Smart homes are becoming more and more popular. However, with so many different devices and protocols available, it can be tricky make all devices in a home compatible and to work together. Both as a user and as a product manufacturer. That’s where the Matter smart home standard comes in.
Matter, which was once known as Project CHIP (Connected Home over IP), is a collaborative effort between leading technology companies including Apple, Google, Amazon, and many hardware vendors such as Silicon Labs, Nordic Semiconductor, and Espressif. The Matter standard is driven by the organization Connectivity Standards Alliance (CSA), which was previously known as the Zigbee Alliance. Its goal is to create a unified standard for smart home devices that can work together seamlessly, regardless of brand or ecosystem.
One of the cool things with Matter is that the source code is open source and can be used an viewed by anyone. The source code tree is available on github. This does not mean that anyone can build and sell a Matter device though – Matter devices must be certified by the Matter consortium to ensure standards compliance. And product manufacturers need to be a member of the Connectivity Standards Alliance. Also, when a Matter device is first connected to a network, its manufacturer’s crypto signature is verified to ensure that the device is genuine.
How is Matter different from existing standards like Zigbee or HomeKit?
Compared to existing smart home standards like Zigbee and Apple HomeKit, the Matter smart home standard is designed to be more open and interoperable across different brands and ecosystems. While Zigbee has been a popular standard for smart home devices, it requires custom development for each ecosystem and can be challenging to integrate with other devices. Apple HomeKit, on the other hand, is a closed ecosystem that only works with Apple devices and requires manufacturers to pay a licensing fee to use the technology.
In contrast, the idea behind the Matter standard is that it is designed to be more flexible and open, allowing for easier integration between devices from different brands and ecosystems. It uses widely adopted technologies like Wi-Fi, Ethernet, Thread, and Bluetooth Low Energy, making it easier for manufacturers to develop devices that can work with a variety of smart home ecosystems. Additionally, the Matter standard is not controlled by a single company, but rather a consortium of leading technology companies, which helps ensure that it remains an open and collaborative effort.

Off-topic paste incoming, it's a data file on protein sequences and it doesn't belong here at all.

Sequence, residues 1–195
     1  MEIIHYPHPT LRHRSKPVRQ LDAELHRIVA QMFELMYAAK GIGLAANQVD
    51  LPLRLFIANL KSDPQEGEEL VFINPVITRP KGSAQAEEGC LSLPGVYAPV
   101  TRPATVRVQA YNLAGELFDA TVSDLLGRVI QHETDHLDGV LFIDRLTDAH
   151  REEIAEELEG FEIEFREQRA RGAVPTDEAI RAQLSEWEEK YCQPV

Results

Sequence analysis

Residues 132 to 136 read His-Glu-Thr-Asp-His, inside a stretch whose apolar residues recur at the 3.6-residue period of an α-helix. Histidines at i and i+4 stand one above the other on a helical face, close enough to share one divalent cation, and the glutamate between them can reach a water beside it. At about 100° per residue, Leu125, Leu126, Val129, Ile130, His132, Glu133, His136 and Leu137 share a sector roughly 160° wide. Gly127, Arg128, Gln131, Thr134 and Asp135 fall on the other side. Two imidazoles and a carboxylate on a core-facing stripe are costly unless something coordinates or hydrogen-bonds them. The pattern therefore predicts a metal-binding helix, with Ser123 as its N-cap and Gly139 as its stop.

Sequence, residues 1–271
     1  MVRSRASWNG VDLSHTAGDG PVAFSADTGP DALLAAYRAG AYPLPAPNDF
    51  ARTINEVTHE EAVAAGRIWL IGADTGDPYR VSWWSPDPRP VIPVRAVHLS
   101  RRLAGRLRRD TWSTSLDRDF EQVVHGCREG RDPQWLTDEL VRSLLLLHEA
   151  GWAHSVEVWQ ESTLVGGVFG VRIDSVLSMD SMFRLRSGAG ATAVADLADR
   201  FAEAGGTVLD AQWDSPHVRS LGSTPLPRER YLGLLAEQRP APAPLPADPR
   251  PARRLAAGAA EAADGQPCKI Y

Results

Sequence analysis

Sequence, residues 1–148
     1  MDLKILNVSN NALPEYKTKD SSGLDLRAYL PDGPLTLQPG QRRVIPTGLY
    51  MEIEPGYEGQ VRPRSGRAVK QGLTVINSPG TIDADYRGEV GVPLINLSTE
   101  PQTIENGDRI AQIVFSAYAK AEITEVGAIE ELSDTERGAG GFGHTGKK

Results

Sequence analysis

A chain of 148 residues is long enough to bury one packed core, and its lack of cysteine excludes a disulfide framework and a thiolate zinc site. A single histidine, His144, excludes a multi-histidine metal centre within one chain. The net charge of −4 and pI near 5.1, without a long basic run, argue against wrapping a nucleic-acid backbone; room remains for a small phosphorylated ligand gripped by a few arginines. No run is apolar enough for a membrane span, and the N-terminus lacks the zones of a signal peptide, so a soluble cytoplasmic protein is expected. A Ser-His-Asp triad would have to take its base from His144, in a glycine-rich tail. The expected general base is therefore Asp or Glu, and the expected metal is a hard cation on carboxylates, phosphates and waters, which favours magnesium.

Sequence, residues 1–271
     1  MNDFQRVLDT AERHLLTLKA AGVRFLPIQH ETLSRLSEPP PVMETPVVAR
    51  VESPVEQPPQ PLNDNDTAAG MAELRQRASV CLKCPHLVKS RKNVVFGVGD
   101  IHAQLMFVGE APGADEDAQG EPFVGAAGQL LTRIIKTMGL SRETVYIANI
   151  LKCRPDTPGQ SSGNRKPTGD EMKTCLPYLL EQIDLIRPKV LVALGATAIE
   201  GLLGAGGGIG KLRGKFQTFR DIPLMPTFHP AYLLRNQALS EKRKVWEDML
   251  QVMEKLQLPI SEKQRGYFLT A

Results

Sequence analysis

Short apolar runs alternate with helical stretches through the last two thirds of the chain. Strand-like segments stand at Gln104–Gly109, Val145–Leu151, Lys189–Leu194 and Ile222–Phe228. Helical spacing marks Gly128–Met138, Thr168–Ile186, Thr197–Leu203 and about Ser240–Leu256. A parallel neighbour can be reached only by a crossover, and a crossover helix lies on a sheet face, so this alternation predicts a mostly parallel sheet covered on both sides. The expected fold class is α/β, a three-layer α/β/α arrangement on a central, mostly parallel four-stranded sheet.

Benefits for the consumer and for product manufacturers
One of the main benefits that the Matter group states is the ease of use for consumers. With devices that adhere to the standard, users can set up and control their smart home devices with a single app or voice assistant. This eliminates the need for multiple apps and bridges, simplifying the smart home experience.
For product manufacturers, the Matter standard offers a streamlined development process. By adhering to the standard, manufacturers can ensure compatibility with a wide range of smart home ecosystems, reducing the need for custom development and integration work.
Networking technologies used by Matter devices
The Matter standard uses a variety of networking technologies, including Wi-Fi, Ethernet, Thread, and Bluetooth Low Energy (BLE). This allows devices to communicate with each other and with the user’s home network in a variety of ways, depending on the device’s capabilities and the user’s preferences.
Devices that adhere to the Matter standard are connected to the network via a Bluetooth setup process. Once connected, they can communicate with other devices on the network using the standard’s communication protocols.
Is the cloud needed?
In terms of cloud connectivity, devices that adhere to the Matter standard are not required to have an internet connection or a cloud backend. However, cloud connectivity usually offers benefits such as remote control and monitoring, as well as the ability to integrate with other cloud-based services.
Product manufacturers do not need to integrate with any specific cloud provider, but can choose to use their own cloud. Or they can build on top of any of the existing cloud providers’ products.
The benefits of cloud connectivity include the ability to control devices remotely, receive notifications and alerts, and integrate with other cloud-based services. However, there are also potential drawbacks to cloud connectivity, including privacy and security concerns, reliance on a stable internet connection, and the possibility of service interruptions.
In conclusion, the Matter smart home standard offers a simplified, streamlined experience for both consumers and product manufacturers. By adhering to the standard, users can enjoy seamless integration between devices and ecosystems, while manufacturers can reduce development time and costs. With a variety of networking technologies and communication protocols, devices can be connected to the network and communicate with each other in a variety of ways. While cloud connectivity is not required, it can offer additional benefits and convenience for users, but also has potential drawbacks that should be carefully considered.